The Comma Interrobang: Finding Safe Space


For the past few months I’ve been volunteering at an independent bookstore downtown that takes very seriously its aim to be a self-proclaimed “safe space.” If you’re unfamiliar with the term, it essentially means a space (whether literal or figurative) where individuals show respect for and awareness of each other’s backgrounds, experiences, and personal boundaries. Some standard policies in a safe space include, for instance, asking rather than assuming one’s preferred gender pronoun, or shutting the hell up rather than striking up a conversation about, say, a sexual assault you watched on “Law and Order” last night. While some laugh or roll their eyes at the concept of a safe space, it’s my opinion that any effort to offer individuals respite from the daily dose of shame, traumatic triggers and general discomfort they experience simply because of who they are and what they’ve endured, is an effort well-made. Being in spaces like these, I feel undeniably good. They should honestly be called “good vibes spaces.” 

The other day, though, I was working at the store, when something really surreal happened. I was behind the counter with another female volunteer. At the moment there were no customers – it was almost time to close – and our only other coworker at the time, who happened to be male, had just stepped out for a cigarette. Suddenly, as soon as he left, a middle-aged man walked in, carrying a giant duffle bag and smelling of pretty much whiskey and nothing else. He walked up to the counter and immediately launched into a terribly unconvincing sales pitch for pepper spray, at one point even unzipping his dirty bag to reveal cans upon cans of the stuff. At first we politely declined, laughing a little under our breaths at the absurdity of it.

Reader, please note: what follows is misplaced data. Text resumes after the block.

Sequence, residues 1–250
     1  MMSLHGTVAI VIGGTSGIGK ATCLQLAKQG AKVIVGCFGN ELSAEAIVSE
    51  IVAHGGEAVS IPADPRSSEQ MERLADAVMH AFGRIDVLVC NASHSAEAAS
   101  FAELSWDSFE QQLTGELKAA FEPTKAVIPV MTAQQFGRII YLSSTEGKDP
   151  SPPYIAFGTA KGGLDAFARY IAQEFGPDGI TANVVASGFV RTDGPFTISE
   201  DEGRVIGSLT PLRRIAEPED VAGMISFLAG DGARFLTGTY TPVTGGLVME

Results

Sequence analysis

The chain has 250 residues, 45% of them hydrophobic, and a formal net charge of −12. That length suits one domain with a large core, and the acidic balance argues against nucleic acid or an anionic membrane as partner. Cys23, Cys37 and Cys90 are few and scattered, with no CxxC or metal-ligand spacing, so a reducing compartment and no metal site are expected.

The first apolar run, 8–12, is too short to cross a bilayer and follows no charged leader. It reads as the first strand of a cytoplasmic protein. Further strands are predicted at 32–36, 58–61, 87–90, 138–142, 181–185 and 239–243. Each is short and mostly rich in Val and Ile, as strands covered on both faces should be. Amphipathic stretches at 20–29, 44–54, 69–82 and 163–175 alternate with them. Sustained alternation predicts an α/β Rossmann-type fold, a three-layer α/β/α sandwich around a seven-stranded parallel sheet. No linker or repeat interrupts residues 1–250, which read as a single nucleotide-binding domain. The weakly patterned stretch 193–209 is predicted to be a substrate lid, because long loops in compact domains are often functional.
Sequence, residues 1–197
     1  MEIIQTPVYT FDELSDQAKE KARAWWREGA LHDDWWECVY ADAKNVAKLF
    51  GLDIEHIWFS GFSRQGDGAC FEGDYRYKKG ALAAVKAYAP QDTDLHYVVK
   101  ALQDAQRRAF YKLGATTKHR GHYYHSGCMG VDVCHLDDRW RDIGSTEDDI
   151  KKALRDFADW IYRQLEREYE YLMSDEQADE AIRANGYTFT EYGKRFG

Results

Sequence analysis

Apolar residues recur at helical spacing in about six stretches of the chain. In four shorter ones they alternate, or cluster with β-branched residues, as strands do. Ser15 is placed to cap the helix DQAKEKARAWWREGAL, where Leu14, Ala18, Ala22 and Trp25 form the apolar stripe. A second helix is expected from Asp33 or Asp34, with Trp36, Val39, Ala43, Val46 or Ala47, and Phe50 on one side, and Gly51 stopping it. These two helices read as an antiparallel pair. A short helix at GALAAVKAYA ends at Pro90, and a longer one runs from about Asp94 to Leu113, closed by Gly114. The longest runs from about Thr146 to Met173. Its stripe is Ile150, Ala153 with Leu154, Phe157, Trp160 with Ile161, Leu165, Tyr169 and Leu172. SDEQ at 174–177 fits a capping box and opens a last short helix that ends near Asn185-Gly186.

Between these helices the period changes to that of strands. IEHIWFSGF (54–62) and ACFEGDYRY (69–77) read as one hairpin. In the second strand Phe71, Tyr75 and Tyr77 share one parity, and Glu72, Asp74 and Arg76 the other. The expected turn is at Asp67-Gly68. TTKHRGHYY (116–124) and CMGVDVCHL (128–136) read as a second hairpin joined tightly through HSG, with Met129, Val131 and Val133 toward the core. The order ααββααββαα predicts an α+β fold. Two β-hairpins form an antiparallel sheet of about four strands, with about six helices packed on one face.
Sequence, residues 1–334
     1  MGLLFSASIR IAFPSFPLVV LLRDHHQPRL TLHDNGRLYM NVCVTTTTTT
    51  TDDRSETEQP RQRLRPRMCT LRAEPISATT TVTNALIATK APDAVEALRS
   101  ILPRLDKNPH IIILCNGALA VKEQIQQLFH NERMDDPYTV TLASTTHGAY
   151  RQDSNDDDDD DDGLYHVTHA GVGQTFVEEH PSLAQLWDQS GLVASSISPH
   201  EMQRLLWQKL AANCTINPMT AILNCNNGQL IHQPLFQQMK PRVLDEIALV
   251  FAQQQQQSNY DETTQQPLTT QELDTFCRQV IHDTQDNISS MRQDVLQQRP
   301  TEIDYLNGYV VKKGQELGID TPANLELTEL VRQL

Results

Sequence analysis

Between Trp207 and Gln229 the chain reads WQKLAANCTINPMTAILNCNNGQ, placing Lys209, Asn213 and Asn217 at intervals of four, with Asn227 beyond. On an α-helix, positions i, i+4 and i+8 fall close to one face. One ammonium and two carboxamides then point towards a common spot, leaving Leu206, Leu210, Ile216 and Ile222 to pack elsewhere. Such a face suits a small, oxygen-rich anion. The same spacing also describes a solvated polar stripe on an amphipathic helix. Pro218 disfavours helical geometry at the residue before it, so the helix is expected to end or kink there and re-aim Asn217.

But then, something happened, something switched, and he became obstinate, surly, and angry. He started guilt tripping us, telling us that “ladies” living in New York can never be too careful, “if you know what I mean,” and that we were being really careless just walking around unprotected like that. At one point he laid his hands on the counter and got as close to us as was possible with the solid barricade between us. 

It was truly surreal. First, of course, there was the laughable irony I was experiencing in having the sudden urge to mace the man trying to sell me mace. But also, there was the shock of having my safe space invaded – that this was happening here, where nothing bad was supposed to happen, where I always felt invincible. My safe space no longer felt safe.

I walked home that night, alone, after my shift ended at 11:30 p.m. I was suddenly made eerily aware of the distortions of the night. My footstep, cast in the shadow of the moonlight, looking ten feet tall. My keys, clutched tightly in my fingers, suddenly a potential weapon to use against an unwanted advance. My mouth, suppressing any urge to relax into a smile lest someone treat it as an invitation to approach me. Maybe I was just afraid of the dark. Maybe I was being overly dramatic. But I do remember thinking as I walked home that safe spaces are definitely important, because, so often, they’re so hard to find.